Everybody’s Sick!

by Kyle Leahy Walsh

How are you feeling these days? If you’re like a lot of folks at FSCJ, you’re feeling sick! We’re more than halfway through the Fall semester. There are readings, projects, assignments, and tests. You stay up too late, you’re not eating right and the stress has gotten to you. The holiday season is upon us which adds its own pressure and “BOOM”! Suddenly, you’re sick!

‘Tis the Season to be Sneezing! Fa-la-la-la-la La-la-la-la! Why are so many of us feeling poorly? It starts with that soreness in the back of your throat, or your ears are itchy and/or uncomfortable, or your head starts to pound or you feel achy, tired and run-down. It’s all caused by a variety of tiny, living viruses. What’s the difference between a cold and the flu?

Well, you can catch a cold any time of the year. The flu is a seasonal disorder. Influenza season generally lasts from the fall to the spring. The symptoms of a cold are usually less severe than those of a flu and normally don’t lead to any significant health complications. Over 100 viruses are responsible for causing a common cold according to the Mayo Clinic. The flu is caused by the influenza A, B, and C viruses and the strains vary from year to year, according to Healthline.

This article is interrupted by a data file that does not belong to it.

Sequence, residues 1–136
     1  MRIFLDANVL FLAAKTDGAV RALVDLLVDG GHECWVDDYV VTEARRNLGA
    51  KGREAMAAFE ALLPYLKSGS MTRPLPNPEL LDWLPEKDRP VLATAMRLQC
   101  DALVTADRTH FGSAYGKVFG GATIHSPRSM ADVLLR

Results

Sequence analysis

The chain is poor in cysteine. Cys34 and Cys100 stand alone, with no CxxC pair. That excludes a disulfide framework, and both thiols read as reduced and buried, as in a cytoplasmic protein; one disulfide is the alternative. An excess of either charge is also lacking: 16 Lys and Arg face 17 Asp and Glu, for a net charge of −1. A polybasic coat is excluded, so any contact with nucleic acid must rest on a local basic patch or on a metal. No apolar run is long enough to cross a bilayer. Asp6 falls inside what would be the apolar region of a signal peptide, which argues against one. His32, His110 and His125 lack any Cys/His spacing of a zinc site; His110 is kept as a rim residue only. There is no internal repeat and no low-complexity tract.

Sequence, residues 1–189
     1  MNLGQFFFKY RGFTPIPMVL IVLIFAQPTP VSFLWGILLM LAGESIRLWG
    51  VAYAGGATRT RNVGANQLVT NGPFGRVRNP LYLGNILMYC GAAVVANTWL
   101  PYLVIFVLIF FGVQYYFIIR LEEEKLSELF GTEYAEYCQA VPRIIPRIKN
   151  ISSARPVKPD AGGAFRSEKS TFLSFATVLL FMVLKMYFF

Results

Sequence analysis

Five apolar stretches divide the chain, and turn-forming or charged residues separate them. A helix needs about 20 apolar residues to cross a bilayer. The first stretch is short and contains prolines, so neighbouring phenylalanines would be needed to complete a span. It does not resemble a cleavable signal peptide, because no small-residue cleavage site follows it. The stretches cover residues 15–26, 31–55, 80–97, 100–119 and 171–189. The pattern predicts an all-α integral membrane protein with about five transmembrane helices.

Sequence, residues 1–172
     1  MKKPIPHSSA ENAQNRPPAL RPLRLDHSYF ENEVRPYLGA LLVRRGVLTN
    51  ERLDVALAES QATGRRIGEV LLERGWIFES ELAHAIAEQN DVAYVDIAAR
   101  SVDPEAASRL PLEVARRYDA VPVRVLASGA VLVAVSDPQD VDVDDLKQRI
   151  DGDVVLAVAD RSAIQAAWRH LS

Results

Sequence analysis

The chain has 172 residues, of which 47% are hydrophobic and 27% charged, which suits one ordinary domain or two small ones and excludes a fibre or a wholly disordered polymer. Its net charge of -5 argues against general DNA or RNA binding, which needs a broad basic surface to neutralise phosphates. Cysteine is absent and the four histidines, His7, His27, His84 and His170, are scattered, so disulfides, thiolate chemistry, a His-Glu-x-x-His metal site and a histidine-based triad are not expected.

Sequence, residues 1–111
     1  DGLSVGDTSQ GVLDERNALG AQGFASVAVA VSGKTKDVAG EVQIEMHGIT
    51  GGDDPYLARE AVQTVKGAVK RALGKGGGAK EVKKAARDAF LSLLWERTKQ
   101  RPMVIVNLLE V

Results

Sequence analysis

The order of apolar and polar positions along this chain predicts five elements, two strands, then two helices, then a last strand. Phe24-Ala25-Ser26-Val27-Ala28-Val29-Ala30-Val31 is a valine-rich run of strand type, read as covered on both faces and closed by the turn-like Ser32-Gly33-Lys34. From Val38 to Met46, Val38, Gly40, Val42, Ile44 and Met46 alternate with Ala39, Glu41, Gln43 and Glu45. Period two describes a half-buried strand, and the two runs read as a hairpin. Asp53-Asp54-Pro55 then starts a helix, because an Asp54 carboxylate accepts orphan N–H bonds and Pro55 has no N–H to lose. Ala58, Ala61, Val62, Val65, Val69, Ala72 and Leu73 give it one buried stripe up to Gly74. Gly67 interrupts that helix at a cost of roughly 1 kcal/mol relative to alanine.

Flu and cold viruses are spread from person to person through close contact. When a sick person coughs, talks, or sneezes, viruses can become airborne. Then we inhale the viruses in the air that others have exhaled. A person can be contagious for 24 hours before they even show any signs of being ill.

When you have so much on your plate, it’s no fun being sick! Being in a school environment where you’re sitting at a desk or working on a computer that many people have used during the day, it’s not easy to evade those nasty viruses. Age, smoking and an immune system problem can leave you more susceptible to viruses, but even someone who’s as healthy as a horse can catch a cold or flu.

I’m not going to give any medical advice on how to treat your illness if you do get sick, but, here are some common sense suggestions I found to reduce your risk of catching a virus:

  • Eat a healthy diet.
  • Make time for regular exercise.
  • Drink plenty of fluids to stay hydrated.
  • Sneeze and cough into your elbow and not your hands to avoid spreading germs.
  • Minimize your direct contact with people who have a cold or the flu.
  • Wash your hands frequently to get rid of any viruses you’ve picked up (if you soap and water are not available, use an alcohol based hand sanitizer).
  • Keep your hands off your face and you’ll reduce your chances of catching a virus.